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    ASBMR 31st Annual Meeting

    Elastic Stiffness of Human Distal Tibia, Distal Radius, Proximal Femur, and Vertebral Body Assessed by HR-pQCT and cQCT-Based Finite Element Analyses Significantly Correlate with Each Other

    Category: Bone Biomechanics and Quality (Clinical)

    Poster Sessions, Presentation Number: SA0025
    Session: Poster Session I
    Saturday, September 12, 2009 12:00 AM - 12:00 AM, Colorado Convention Center, Exhibit Hall F

    * Xiaowei Liu, University of Pennsylvania, USA, Adi Cohen, Columbia University Medical Center, USA, Perry Yin, Columbia University, USA, Joan Lappe, Creighton University Osteoporosis Research Center, USA, Robert Recker, Creighton University, USA, Elizabeth Shane, Columbia University College of Physicians and Surgeons, USA, X Guo, Columbia University, USA

    Purpose: High-resolution peripheral quantitative computed tomography (HR-pQCT) and Micro Finite Element Analysis (µFEA) are emerging clinical tools that can provide measurements of mechanical properties at the distal radius and distal tibia. However, it is unclear whether and to what extent these peripheral measurements reflect the mechanical competence of the proximal femur and vertebral bodies, common sites of osteoporotic fractures. We therefore evaluated relationships between the elastic stiffness of the distal radius and tibia estimated by HR-pQCT-based µFEA with that of the proximal femur and lumbar spine, estimated from central quantitative computed tomography (cQCT)-based µFEA in the same human subjects.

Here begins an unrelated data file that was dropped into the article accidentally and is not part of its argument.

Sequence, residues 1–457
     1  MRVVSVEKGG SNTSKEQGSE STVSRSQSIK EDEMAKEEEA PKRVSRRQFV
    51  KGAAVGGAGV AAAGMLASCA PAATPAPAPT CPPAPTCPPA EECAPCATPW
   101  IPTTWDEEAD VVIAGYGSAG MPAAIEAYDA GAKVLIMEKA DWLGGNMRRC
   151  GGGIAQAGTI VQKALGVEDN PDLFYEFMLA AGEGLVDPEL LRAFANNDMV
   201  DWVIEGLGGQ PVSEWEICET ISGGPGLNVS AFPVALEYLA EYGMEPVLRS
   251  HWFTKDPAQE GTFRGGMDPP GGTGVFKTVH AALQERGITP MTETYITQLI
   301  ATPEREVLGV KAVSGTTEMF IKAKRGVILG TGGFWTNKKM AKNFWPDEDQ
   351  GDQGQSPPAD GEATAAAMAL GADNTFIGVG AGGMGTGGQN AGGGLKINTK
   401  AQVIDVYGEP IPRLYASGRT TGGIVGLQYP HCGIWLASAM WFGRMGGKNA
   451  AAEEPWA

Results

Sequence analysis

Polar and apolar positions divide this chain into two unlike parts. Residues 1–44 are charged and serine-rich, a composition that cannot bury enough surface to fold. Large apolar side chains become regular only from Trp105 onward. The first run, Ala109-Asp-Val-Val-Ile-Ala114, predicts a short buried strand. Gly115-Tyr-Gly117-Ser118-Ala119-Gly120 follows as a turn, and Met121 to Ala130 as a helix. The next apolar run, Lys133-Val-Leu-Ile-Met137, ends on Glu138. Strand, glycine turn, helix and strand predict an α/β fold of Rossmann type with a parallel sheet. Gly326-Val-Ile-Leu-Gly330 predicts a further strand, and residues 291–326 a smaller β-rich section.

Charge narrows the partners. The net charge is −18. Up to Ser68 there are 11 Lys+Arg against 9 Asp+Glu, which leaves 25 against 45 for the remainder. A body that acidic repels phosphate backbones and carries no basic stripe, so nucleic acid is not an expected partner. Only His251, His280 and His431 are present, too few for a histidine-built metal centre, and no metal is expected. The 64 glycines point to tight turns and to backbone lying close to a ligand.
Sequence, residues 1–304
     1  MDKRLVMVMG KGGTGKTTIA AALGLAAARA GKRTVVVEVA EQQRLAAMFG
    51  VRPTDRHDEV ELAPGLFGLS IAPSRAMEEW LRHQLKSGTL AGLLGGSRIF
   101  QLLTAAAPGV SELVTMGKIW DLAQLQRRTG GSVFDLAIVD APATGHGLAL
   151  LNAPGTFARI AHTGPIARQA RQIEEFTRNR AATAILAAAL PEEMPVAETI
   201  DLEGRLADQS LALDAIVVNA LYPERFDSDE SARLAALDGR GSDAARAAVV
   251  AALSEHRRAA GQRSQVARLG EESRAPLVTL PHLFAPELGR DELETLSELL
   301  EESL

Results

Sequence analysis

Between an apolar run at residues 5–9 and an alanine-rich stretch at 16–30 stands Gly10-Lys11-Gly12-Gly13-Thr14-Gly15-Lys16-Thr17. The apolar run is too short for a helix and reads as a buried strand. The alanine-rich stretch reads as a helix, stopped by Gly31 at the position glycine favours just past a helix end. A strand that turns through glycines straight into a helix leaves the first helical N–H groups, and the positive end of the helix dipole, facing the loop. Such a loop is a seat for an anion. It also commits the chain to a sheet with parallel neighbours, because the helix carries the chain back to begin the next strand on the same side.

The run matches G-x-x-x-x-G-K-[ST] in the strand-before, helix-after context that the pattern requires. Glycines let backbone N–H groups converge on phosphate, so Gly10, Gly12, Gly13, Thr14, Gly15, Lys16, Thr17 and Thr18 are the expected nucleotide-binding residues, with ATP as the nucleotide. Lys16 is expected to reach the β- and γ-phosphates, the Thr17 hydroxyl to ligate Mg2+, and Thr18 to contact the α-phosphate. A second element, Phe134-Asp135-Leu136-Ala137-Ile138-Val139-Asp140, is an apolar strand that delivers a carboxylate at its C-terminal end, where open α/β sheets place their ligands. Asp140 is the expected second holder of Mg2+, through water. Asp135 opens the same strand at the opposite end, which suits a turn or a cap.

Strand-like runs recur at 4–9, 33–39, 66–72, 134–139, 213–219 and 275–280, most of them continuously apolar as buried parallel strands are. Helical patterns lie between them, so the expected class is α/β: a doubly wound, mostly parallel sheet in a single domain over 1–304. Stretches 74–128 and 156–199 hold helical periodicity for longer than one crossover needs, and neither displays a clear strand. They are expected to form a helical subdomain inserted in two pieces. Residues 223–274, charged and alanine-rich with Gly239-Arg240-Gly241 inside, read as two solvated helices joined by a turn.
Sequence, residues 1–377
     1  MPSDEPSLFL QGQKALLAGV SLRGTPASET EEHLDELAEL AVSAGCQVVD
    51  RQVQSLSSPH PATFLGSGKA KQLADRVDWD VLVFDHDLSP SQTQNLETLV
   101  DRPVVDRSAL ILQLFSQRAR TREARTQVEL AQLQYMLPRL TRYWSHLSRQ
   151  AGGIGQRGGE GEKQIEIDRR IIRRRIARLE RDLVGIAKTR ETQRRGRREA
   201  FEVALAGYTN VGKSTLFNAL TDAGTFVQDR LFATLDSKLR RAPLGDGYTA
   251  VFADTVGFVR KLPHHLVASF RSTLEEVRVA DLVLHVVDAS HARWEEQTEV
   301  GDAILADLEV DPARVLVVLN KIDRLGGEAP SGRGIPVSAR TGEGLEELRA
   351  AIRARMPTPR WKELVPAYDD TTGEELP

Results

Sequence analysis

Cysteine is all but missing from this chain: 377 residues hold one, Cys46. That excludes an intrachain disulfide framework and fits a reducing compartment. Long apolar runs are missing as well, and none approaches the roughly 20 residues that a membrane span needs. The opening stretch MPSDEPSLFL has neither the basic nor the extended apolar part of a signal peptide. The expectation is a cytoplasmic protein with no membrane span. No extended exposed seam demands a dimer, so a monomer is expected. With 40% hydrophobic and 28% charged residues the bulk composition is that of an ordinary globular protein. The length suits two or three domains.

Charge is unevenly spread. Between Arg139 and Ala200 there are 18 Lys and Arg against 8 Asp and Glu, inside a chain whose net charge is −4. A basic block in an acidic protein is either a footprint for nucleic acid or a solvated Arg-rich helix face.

Methods: Of the 84 premenopausal women (aged 20-49) in this study, 60 underwent cQCT (GE LightSpeed 64 VCT, GE Healthcare) scans of the proximal femur, 62 underwent cQCT of lumbar spine, 60 had HR-pQCT (XtremeCT, Scanco Medical) scans of the distal radius, and 58 had HR-pQCT scans of the distal tibia. Based on HR-pQCT images, axial elastic stiffness was determined by µFEA for each distal tibia and radius with an isotropic voxel element size of 82 µm. For each set of cQCT images of lumbar vertebral body L1 and proximal femur, µFEA were performed with an anisotropic voxel element size of 0.937x0.937x2.5 mm3. A uniaxial compression displacement and a single-leg stance boundary condition was applied to each vertebral and femur model, respectively, to determine their elastic stiffness.
    Results: The mean stiffness values of the distal radius, distal tibia, vertebral body and proximal femur were 79.0±19.7, 222.1±52.6, 7.3±1.4, and 17.2±3.8 kN/mm, respectively. Positive and significant correlations (p<0.001) were found between the stiffness of the distal radius and tibia (r2=0.74), distal radius and L1 (r2=0.49), distal radius and proximal femur (r2=0.40), distal tibia and L1 (r2=0.37), distal tibia and proximal femur (r2=0.48), and between the proximal femur and L1 (r2=0.28).
    Conclusions: For the first time, the relationships between the mechanical competences of multiple skeletal sites were examined in vivo. Highest correlations were found between the stiffness of the distal radius and distal tibia, distal radius and L1, and between the distal tibia and proximal femur. These results indicate that the estimated mechanical competence of the distal radius and tibia assessed by HR-pQCT may be helpful in predicting vertebral and femoral mechanical properties.

    Disclosures: None

    * Presenting Authors(s): Xiaowei Liu, University of Pennsylvania, USA